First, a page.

Saddly there are those who resent us for our love and contentment. But I see them as putting politics before love; as we don't need some shed of paper to love or be loved.

    One is also pleased that we have also started to move away from that dreadful term "Gay Marriage!" Obviously one has no issue with homosexual unions, but the term "Gay Marriage", I certainly did. AS we would never have a gay wedding, it would be just a wedding.
  • roadbikeRob

    Posts: 14395

    Feb 23, 2013 5:01 PM GMT
    Is the GOP finally approaching the cusp of positive change in terms of GLBT equalityicon_question.gif
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    Feb 23, 2013 5:10 PM GMT
    roadbikeRob saidIs the GOP finally approaching the cusp of positive change in terms of GLBT equalityicon_question.gif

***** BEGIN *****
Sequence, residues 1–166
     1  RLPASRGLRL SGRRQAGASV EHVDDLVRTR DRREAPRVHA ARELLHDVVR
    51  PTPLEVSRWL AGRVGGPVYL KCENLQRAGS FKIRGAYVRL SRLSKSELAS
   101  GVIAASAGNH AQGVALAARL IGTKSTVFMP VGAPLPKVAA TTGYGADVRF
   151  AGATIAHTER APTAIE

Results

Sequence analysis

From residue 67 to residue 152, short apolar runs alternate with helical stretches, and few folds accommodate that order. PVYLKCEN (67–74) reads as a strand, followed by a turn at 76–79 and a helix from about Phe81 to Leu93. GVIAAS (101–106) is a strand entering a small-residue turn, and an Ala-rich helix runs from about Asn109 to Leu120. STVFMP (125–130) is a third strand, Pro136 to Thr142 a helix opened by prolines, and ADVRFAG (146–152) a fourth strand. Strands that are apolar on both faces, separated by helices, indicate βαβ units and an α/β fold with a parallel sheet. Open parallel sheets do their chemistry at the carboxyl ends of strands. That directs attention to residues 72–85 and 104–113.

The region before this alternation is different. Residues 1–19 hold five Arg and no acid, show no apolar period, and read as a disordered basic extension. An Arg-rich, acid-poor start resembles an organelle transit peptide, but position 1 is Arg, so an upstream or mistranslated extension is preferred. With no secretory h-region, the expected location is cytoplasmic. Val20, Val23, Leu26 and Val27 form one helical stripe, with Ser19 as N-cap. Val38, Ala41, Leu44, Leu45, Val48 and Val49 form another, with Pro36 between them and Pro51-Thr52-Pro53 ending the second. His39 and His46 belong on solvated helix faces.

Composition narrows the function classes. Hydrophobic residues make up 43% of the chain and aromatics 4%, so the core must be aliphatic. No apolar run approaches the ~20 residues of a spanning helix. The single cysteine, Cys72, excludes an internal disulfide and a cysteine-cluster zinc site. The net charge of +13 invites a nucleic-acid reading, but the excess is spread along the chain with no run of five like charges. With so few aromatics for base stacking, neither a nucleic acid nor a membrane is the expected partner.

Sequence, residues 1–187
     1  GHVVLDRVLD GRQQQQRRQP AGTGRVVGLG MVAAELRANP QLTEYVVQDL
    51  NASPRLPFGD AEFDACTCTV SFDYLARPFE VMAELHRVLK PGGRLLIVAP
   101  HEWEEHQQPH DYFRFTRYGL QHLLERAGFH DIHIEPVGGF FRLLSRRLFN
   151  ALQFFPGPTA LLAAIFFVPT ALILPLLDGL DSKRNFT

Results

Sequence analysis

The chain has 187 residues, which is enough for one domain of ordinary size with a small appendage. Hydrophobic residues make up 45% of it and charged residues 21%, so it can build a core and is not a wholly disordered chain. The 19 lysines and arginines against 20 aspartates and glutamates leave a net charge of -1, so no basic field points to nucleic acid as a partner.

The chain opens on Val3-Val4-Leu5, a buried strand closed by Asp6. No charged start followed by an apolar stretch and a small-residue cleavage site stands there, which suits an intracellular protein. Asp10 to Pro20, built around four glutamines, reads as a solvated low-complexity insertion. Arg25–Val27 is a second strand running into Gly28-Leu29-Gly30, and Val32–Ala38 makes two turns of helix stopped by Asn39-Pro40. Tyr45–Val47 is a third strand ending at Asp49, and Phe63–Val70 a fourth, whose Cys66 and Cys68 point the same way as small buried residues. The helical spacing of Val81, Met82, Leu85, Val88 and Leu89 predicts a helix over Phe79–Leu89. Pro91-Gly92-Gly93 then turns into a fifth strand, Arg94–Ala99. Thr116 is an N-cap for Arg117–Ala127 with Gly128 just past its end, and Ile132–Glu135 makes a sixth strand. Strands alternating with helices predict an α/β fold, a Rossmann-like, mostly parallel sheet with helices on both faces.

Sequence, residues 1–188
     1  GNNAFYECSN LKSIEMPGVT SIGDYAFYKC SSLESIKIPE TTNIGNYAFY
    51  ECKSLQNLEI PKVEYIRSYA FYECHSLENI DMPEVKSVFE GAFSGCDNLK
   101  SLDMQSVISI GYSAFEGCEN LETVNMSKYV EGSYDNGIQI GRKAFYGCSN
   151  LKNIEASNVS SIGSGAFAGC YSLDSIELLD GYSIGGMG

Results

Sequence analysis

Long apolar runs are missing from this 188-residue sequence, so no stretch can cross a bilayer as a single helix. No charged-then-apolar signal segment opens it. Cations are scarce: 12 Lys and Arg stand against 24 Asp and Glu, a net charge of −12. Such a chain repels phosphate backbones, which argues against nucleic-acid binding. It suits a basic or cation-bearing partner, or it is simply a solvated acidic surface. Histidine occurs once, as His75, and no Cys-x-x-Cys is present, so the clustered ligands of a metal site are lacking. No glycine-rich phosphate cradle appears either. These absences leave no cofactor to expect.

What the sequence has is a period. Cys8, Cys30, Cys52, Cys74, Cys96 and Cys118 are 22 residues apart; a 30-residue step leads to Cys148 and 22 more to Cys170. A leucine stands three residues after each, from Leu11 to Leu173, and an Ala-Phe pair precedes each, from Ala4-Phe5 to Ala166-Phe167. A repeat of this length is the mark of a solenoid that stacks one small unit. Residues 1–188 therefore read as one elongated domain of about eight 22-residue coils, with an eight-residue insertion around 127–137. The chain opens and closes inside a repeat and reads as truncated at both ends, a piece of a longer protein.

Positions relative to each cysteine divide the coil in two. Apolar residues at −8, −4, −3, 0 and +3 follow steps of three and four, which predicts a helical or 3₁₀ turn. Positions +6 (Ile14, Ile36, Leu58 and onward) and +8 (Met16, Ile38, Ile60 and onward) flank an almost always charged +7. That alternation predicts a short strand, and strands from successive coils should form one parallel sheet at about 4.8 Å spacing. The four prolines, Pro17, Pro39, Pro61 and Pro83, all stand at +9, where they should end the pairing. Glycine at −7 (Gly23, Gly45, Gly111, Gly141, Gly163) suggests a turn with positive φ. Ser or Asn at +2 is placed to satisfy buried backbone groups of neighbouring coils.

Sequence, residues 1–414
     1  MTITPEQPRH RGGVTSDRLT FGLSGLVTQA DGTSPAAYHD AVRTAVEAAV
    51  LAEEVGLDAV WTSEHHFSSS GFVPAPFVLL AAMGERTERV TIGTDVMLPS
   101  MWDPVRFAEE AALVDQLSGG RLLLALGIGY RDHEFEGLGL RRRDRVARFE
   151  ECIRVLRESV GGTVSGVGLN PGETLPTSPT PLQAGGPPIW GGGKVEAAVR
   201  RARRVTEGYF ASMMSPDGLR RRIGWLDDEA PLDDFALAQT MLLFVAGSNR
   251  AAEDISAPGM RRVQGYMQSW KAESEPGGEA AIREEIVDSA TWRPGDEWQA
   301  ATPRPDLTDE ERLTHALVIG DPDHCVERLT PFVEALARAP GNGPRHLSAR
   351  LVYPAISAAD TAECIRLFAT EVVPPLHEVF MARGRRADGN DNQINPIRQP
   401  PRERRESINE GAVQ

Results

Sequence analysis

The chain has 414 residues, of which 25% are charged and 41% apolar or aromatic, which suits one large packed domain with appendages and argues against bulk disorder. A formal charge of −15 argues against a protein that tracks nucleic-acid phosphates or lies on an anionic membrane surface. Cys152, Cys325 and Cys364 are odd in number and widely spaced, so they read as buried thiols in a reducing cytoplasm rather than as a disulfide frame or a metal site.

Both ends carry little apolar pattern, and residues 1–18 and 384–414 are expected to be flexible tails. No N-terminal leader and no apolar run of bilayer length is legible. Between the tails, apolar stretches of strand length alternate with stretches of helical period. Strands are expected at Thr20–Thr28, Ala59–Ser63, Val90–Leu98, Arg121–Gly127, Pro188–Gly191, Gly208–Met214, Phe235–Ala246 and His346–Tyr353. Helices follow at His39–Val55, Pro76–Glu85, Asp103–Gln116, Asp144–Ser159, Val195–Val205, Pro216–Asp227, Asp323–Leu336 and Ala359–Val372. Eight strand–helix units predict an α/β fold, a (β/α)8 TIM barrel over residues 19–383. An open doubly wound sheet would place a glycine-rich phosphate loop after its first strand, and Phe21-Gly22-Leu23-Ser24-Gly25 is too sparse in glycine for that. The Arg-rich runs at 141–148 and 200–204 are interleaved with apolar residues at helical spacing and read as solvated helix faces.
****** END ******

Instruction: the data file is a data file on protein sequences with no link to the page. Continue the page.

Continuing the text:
At the grass roots level .... no. It's been ok for a long time. As I said, as one who has immersed themselves in the party since .... well .... shortly after the civil war, that I have never personally experienced hate from within the party. Confusion a bit maybe sometimes, but that's about it. And as much of a contrarian as I can be around here, I'm also the same with them. I actually try diligently to be trouble and get folks to think. I'm far more 'out' at Republican events than I actually am. I get light-years more hate and vitriol around here than I ever have from fellow republicans.
  • roadbikeRob

    Posts: 14395

    Feb 23, 2013 7:54 PM GMT
    CuriousJockAZ said
    meninlove said

    They found out otherwise. I think the Party should court Mr Huntsman and truly listen to what he has to say.



    Or maybe it really is time for a viable 3rd Party
    That my good friend is long overdue in the US.